The oldest known Roman wine is dating back to the 4th century CE. The 1.5-liter bottle was found in the tomb of the Roman nobleman in present-day Germany.
In the tomb there were two sarcophagi: for a woman and a man. It was determined that the man was a Roman legionary. The wine was put with the dead for the purposes of a “heavenly journey”. Six glass bottles and ten dishes were found in the tomb, where only one bottle contained liquor. The bottle is full in 2/3, and the liquid has a pure form of the color of rosin. Although the liquor lost a large proportion of ethanol, the researchers managed to confirm that it is Roman wine, diluted with a mixture of herbs.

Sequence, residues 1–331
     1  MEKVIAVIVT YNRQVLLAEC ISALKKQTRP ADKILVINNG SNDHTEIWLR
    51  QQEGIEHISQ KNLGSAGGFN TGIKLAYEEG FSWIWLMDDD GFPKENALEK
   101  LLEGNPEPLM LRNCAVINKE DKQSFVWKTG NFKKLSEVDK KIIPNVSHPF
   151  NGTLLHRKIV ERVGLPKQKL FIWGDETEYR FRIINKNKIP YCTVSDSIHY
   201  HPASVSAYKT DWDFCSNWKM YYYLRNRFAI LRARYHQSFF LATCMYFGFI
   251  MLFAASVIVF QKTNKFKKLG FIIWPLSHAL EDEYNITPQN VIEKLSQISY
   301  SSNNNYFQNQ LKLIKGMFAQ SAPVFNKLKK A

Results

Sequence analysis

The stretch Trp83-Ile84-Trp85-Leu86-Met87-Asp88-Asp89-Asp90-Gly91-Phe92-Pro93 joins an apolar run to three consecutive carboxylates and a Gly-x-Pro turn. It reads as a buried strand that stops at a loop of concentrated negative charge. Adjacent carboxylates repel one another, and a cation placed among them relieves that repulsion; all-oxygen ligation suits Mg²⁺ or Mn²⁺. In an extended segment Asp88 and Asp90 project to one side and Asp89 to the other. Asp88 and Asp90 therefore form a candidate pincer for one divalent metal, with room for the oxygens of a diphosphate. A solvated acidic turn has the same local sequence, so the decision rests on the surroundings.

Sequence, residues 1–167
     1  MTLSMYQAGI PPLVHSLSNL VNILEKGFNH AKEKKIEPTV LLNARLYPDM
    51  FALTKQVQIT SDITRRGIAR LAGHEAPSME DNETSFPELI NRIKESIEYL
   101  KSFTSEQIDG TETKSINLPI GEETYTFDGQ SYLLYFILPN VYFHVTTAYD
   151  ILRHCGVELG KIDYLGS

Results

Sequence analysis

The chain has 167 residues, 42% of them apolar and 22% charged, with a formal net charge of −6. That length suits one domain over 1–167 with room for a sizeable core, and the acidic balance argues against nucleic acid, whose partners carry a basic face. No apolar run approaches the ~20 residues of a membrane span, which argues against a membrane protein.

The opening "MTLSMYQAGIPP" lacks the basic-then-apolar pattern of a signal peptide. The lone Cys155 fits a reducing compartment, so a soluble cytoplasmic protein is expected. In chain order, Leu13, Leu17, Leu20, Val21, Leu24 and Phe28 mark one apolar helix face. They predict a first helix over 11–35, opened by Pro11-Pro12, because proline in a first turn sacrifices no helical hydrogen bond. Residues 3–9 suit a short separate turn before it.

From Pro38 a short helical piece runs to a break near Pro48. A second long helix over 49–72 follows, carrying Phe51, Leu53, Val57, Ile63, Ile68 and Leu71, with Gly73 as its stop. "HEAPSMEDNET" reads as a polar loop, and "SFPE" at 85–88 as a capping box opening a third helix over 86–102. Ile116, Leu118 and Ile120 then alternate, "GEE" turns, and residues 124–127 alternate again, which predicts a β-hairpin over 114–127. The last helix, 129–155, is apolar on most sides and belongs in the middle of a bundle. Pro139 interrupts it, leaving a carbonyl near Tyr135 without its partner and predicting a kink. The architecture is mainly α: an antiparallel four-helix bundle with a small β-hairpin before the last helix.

The wine has survived to our times, thanks to the large amount of dense olive oil added to the bottle and hot wax as a vessel sealant.
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